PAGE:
Just Say No to a Single Product … and Hello to a True Community Record
Editor's note: This column was written by Bill Spooner, senior vice president and chief information officer at Sharp HealthCare, San Diego, winner of the 2007 Malcolm Baldrige National Quality Award. In 2009, Spooner was awarded the CHIME-HIMSS John E. Gall, Jr. CIO of the Year Award.
In 2011, as health systems across the country race to earn HITECH incentives for Electronic Health Record adoption in the hospital and ambulatory settings, many will come face to face with the real bogeyman in healthcare today: How will they get their systems to converse with those of all the affiliated and non-affiliated providers in their community, most of whom use technology from a variety of different vendors?
Answering that question is critical, not only to creating accountable care organizations (ACOs), but to improving our healthcare system. You can't increase quality, improve safety and manage costs across a community without seamless handoffs of patient information from one care setting or organization to another. Just one example: If providers in a skilled nursing center can see the test results and treatment plan developed for a patient during their hospital stay, they can more easily avoid expensive duplicate tests and potential problems leading to readmission.
We all agree on the rationale for connecting across communities of healthcare stakeholders. Where we disagree is how to accomplish that goal. The most popular approach today seems to be implementing a single product across all of a health system's properties. The appeal of the single product is undeniable, but short-sighted. What CIO hasn't yearned, at one point or another, to replace the hundreds of applications running in their enterprise with one gleaming -- and very expensive -- throat to choke?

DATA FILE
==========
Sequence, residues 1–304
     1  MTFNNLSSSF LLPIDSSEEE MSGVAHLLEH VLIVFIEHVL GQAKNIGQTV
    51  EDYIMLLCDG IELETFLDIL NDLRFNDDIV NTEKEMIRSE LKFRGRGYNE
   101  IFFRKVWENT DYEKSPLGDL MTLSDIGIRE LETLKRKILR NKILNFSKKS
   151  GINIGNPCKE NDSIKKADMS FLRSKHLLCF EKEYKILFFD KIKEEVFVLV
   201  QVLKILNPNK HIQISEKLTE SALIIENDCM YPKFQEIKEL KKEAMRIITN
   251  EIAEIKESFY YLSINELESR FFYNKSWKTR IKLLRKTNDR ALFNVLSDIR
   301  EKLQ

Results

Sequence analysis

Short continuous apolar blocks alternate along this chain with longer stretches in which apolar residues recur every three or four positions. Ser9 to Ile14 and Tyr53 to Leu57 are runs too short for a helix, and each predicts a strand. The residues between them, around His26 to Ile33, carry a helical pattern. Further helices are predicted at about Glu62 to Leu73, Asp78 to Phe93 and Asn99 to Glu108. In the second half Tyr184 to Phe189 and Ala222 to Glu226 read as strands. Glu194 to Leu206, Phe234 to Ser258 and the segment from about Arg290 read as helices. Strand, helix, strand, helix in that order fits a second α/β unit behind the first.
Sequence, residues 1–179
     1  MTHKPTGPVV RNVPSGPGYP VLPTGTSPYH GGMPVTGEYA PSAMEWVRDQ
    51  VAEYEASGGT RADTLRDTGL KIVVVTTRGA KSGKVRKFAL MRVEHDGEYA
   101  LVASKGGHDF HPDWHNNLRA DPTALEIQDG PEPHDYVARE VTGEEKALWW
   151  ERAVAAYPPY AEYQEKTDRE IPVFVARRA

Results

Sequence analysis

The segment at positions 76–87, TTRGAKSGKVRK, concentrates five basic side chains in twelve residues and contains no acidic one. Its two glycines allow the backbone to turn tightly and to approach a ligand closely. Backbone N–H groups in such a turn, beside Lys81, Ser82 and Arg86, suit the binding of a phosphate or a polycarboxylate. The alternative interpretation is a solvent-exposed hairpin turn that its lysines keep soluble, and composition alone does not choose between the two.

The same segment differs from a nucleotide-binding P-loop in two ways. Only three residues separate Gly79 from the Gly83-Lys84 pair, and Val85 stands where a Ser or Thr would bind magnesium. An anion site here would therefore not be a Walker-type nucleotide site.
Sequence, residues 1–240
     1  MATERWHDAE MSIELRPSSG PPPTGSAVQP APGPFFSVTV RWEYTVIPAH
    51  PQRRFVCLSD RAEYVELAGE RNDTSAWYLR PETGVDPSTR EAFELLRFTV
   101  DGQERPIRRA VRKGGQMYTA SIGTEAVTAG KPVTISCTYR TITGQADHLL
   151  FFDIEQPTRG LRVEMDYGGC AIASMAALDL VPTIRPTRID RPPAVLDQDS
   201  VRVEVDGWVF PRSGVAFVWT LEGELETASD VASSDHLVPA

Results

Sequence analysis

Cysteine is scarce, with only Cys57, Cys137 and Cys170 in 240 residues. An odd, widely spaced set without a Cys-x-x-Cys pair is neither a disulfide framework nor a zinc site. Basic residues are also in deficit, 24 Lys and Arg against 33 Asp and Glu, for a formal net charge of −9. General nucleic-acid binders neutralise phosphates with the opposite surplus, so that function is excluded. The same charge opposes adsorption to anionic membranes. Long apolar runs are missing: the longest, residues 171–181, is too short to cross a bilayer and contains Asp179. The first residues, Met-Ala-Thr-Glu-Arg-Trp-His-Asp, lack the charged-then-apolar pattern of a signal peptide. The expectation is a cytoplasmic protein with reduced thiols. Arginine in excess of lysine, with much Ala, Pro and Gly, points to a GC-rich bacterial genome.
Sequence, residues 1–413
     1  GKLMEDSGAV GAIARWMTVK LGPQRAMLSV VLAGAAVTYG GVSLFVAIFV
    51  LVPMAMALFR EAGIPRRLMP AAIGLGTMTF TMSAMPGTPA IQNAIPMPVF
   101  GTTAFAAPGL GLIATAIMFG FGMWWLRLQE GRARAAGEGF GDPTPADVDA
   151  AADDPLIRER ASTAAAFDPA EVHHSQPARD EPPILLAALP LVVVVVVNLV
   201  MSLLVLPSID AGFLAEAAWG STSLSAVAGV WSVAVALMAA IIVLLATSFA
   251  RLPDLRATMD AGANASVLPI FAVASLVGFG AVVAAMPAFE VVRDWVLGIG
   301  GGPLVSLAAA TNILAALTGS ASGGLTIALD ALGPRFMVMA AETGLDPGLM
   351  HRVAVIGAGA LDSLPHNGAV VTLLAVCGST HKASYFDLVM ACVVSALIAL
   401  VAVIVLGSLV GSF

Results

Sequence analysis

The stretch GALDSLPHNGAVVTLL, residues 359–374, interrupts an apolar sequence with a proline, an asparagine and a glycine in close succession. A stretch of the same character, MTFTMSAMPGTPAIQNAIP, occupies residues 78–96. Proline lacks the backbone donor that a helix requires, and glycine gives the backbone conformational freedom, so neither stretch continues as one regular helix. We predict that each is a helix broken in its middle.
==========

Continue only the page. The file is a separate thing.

Single-Product Approach: What's the Problem?
The problem with the single-product approach isn't that it's too expensive, assuming you have the money, of course, or too time consuming. It's not even that you can't find a single vendor who can bring together much of your organization.
No, the real problem is that it's unrealistic to believe that such a strategy can extend to every provider in an entire community. Can you imagine getting all the stakeholders in a community to agree on a single product?
In conversations I regularly have with groups of my fellow CIOs, this concern is usually marginalized. Yet I believe every health system with a single IT product risks locking themselves out of the future of healthcare, which will require information systems that interoperate across an entire community of care.
At Sharp, we've taken a different approach to building a seamless patient record, one that I think of as more practical and less expensive and time-consuming than the "rip and replace" strategy required for a single-product solution. Since 2004, Sharp has invested to automate ambulatory records and consolidate inpatient clinical systems as part of The Sharp Experience, our enterprise-wide performance improvement initiative.
While we don't disclose our EHR expenditures, the totals are considerably less than I hear reported by many organizations. The program represents a hybrid approach, with multiple best-of-breed applications complemented by an ambulatory EHR for the 400 multi-specialty physicians of Sharp Rees-Stealy Medical Group, and a unified inpatient EHR from a different vendor (currently in five of our seven hospitals).